following points were signed:
parties discussed the terms of the friendly settlement proposal
presented by the Government of Chile in its communication of 5
October 2001. With
respect to the starting date for the special scholarship mentioned
in that proposal, Mónica Carabantes’s representative initially
expressed interest in making the scholarship retroactive to 1
March 2001, and if this should not prove possible, with effect
from the date of signature of the friendly settlement agreement,
i.e. 1 December 2001.
representative of the Government of Chile indicated that he had
received instructions to the effect that, if the agreement were
signed, his Government would award the scholarship with effect as
from March 2002. The
petitioner indicated that she needed to consult with Mónica
Carabantes in order to respond to the Government’s proposal.
The Government representative reiterated the favorable
predisposition of Chile and would await the petitioner’s
communication during the week of 26 November 2001.
IACHR pointed out that the minutes of the previous meeting in
pursuit of a friendly settlement of this matter, signed by both
parties on 1 March 2001, reflected the willingness of the State to
take steps to obtain the President of the Republic Scholarship and
the intention of both parties to sign a friendly settlement
agreement during the first week of April 2001.
on the foregoing, the IACHR indicated that a concrete sign of the
Government of Chile’s good will could be the express commitment
to complete all of the steps necessary to ensure that Mónica
Carabantes would obtain the aforementioned scholarship with effect
as from March 2002, irrespective of the signature of a friendly
petitioners remitted to the Inter-American Commission a copy of
the communication of 13 December 2001 to the Director of Human
Rights of the Ministry of Foreign Relations of Chile.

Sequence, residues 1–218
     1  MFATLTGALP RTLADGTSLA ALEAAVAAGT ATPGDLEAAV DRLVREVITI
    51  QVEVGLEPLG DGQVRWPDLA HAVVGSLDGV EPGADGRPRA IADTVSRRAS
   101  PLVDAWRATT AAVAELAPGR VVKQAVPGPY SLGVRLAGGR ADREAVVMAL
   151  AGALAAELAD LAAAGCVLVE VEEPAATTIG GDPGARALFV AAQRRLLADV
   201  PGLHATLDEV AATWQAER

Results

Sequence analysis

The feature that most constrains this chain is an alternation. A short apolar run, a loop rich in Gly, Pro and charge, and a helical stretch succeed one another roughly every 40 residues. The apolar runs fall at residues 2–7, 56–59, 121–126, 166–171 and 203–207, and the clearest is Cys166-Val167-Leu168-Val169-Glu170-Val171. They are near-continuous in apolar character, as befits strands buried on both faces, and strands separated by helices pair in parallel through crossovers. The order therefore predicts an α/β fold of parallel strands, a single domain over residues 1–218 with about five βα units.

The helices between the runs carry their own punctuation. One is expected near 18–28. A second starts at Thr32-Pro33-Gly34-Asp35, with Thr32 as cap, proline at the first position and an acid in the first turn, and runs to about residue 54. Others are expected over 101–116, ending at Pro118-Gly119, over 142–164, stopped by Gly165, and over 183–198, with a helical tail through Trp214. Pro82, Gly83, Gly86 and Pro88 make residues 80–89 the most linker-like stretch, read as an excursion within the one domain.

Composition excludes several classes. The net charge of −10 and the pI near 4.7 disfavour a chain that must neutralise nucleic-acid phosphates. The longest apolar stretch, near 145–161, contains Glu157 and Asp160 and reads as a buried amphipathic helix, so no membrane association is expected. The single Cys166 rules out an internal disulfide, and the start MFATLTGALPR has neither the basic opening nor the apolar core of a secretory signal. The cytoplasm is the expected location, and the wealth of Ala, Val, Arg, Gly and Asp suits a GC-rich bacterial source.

This communication expresses, inter
alia, the willingness of Mónica Carabantes and her family to
settle the present matter amicably, and their acceptance of the
initiation of the scholarship during the 2002 academic year.
on the particular characteristics of the case at hand, the
Inter-American Commission has actively pursued the friendly
settlement procedure. This
report summarizes the activity of the parties and reflects the
agreement reached in concluding the matter.
Inter-American Commission notes that the mechanism contemplated in
Article 48(1) (f) of the American Convention permits the
conclusion of individual petitions in a noncontentious matter, as
demonstrated in cases from various countries in the region.
on the foregoing considerations of fact and law,
THE INTER-AMERICAN COMMISSION ON HUMAN RIGHTS
approve the friendly settlement agreement reached in the present
set a deadline of three months, reckoned from the date of
transmittal of this report, for the Chilean State to report on the
symbolic redress measures agreed to by the parties in the present
make this report public and include it in its Annual Report to the
OAS General Assembly.
and signed at the headquarters of the Inter-American Commission on
Human Rights in the city of Washington, D.C., on March 12, 2002.
(Signed): Juan E. Méndez, President; Marta Altolaguirre, First
Vice-President; Robert K. Goldman, Julio Prado Vallejo and Clare K.